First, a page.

ERIC FISCHL: The first piece of art I ever made was when I was seven or eight years old. I spontaneously stuffed peanut butter up inside of a Statue of Liberty tourist tchotchke I got on a field trip to New York City. What makes it art is that it was an authentically spontaneous act full of conscious intentions and unconscious interpretive meanings articulated in a physical form that captured its own exquisite irrationality.

WW: Did you have an “aha” moment, when you realized you wanted to pursue art as a profession?

 EF: I did not have any desire to be an artist (or anything else for that matter) until I was 20 years old. I started taking some art classes at a community college so I could meet girls. I found more. While I was making my little class projects, I found two things I didn’t know I was looking for.

It was the first time in my life I able to concentrate and it was the first time in my life I wasn’t afraid to be alone. Being creative and the struggle to make something into work of art made me feel enlivened, focused and integrated. I knew at that moment that even if I was shitty at it making art was all I wanted to do.

WW: Over the years, your multi-disciplinary practice has focused on the topic of American suburbia life, connecting a collective consciousness. How has it taken shape in recent years in reaction to the times in which we’re living in? 

EF: I paint what I know to learn how I feel about it. What I love about the suburbs is that is neither heaven nor hell. It is both in shorter intervals. And because it is wicked and damning, it can also be aspirational in its belief in goodness.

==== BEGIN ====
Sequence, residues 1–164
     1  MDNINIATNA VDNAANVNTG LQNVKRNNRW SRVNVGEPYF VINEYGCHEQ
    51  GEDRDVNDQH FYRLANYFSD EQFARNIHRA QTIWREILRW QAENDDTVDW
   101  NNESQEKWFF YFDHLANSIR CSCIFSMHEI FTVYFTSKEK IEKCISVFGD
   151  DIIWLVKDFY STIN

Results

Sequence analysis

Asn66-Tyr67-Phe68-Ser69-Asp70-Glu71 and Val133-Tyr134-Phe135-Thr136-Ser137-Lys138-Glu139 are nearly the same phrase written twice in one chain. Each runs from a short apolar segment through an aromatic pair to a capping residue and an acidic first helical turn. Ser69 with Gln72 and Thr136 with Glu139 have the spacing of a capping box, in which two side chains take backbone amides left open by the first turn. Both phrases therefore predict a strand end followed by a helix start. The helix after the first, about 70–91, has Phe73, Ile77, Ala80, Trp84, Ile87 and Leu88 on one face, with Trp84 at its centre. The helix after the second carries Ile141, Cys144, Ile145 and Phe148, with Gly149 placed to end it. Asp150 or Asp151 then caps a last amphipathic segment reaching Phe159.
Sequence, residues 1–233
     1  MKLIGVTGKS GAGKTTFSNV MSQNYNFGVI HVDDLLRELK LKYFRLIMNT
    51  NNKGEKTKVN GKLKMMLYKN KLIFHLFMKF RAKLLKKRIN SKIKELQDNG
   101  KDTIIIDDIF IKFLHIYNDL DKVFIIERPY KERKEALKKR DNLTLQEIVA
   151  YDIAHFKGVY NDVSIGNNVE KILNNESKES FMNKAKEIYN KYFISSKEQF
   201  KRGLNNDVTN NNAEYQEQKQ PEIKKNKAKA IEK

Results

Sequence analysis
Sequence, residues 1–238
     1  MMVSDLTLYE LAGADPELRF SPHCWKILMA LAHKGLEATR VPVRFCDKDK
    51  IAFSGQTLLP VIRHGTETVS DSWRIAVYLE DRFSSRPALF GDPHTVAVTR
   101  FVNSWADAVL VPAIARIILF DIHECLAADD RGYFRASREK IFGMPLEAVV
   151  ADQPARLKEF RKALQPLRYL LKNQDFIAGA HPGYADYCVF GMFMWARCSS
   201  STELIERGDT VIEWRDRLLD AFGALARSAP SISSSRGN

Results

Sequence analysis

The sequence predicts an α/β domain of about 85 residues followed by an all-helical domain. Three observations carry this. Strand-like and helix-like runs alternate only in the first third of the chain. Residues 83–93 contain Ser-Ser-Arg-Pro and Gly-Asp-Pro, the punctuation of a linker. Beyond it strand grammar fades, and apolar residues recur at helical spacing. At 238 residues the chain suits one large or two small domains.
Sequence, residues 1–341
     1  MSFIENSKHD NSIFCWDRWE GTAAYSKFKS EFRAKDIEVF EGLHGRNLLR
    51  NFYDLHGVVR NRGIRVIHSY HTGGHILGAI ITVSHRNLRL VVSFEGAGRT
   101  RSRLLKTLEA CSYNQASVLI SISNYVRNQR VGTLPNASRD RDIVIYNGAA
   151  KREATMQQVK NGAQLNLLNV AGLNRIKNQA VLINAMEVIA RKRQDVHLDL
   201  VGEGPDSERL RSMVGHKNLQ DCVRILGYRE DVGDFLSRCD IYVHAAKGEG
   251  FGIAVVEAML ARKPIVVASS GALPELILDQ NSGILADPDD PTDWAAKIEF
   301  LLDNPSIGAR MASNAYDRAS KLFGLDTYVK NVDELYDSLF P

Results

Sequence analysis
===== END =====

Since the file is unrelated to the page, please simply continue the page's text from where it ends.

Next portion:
It is rich and fertile field full of compelling images of our comic-tragic lives. What more could an artist want? What’s changed for me is not the disappointments or frustrations of people asking too little of themselves, it is that I no longer separate myself through blame but now see it as the existential condition that encompasses all our lives.

WW: How are you doing amid COVID-19? How are you spending your time in isolation? Are you able to make work?

EF: When I’m in my studio everything feels familiar, normal, productive and in control. When I’m eating dinner with my wife, April, and watching the Great British Baking Show everything feels as it should be. Life is good. Life is amusing. Life looks delicious.

When I leave the house, put on the mask and gloves, make sure I’ve got sanitizer, and am mentally mapping my route to get groceries curbside. Everything becomes anxious and fearful. This is the truth of our reality at this moment. I know it is not just me. The importance for me is to stay within the moment, keep track of it, see what it looks like to have my world, our world, change so dramatically and so quickly.